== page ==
Special education programs serve children who have learning or physical disabilities that affect them in school. They also serve children who need special accommodations or modifications to their curriculum for giftedness or learning disabilities, and children who require the use of assistive technology for any reason. Special education programs help teachers and parents work together to design a learning plan for a child that will best serve his needs and help him grow and learn in the most effective way possible.
Some school districts have early intervention special education programs. These programs serve children who have not yet entered school but have been identified as potential candidates to receive special education services. Preschool-aged children or younger who have been diagnosed with a physical, mental or learning disability may be eligible for these early intervention programs. The programs help these children so that when the time comes for them to enter kindergarten, they will be more adequately prepared.
Children with learning disabilities receive Individualized Education Plans (IEPs) from special education programs. An IEP is a guideline mapping out the educational needs of a specific student. One child's IEP might say that she needs to be given extra time on tests and quizzes, while another child's IEP might say that she needs time to work in small-group settings. Children with specific learning disabilities benefit from special education programs because these programs provide advocacy for students and training for teachers in order to meet the needs of all students.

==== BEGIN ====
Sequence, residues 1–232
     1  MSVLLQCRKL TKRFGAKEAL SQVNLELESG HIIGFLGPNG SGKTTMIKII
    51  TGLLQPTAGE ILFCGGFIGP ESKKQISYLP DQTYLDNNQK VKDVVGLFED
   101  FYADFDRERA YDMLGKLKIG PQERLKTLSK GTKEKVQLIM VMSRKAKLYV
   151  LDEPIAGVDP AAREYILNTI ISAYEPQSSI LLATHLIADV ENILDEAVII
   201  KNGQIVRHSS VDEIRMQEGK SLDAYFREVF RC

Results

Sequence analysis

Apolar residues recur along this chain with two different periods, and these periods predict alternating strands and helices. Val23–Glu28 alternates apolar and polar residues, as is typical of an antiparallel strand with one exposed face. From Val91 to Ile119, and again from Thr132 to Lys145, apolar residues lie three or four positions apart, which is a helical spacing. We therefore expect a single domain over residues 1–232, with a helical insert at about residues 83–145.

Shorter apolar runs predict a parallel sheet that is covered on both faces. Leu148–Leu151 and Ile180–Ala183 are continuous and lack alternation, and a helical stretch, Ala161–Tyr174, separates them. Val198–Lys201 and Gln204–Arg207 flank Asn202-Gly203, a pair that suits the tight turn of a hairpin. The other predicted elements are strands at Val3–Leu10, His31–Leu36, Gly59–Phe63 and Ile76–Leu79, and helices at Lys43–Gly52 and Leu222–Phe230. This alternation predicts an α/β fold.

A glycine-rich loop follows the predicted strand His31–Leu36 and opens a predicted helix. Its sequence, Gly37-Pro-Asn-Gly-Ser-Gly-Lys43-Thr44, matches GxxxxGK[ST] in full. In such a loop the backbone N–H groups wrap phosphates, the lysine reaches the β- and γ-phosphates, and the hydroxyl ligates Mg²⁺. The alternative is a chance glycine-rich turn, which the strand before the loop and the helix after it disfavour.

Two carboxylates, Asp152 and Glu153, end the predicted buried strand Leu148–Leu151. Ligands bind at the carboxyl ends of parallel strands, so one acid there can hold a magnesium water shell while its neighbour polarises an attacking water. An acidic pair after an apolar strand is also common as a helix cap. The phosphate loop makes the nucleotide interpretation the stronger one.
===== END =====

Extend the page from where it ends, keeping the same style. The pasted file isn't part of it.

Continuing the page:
Special education programs also serve children with emotional or behavioral disorders. These children might have Attention Defecit Hyperactivity Disorder (ADHD), Tourette's syndrome, or anger management issues. Special education programs serve these students by providing behavioral goals and instructing teachers how to manage behavioral problems and helping students work toward improving their behavior in school.
Students with physical disabilities receive benefits from special education programs and IEPs as well. The special education programs in their schools provide the assistance they need in order to be successful. The child's IEP might specify where he needs to sit in a classroom, or allow him to enter and leave class a few minutes before other students in order to navigate the hallways. The special education programs in schools also provide interpreters to students with hearing disabilities and one-on-one assistance to other students with disabilities.
Gifted students also receive special education services. They may receive an IEP stating that they can work ahead of the curriculum or they may have a compacted curriculum in which they skip over materials they already understand in favor of pursuing individual projects. They may have regular enrichment classes to attend with other gifted students and even receive other services like social skills or stress management therapy.
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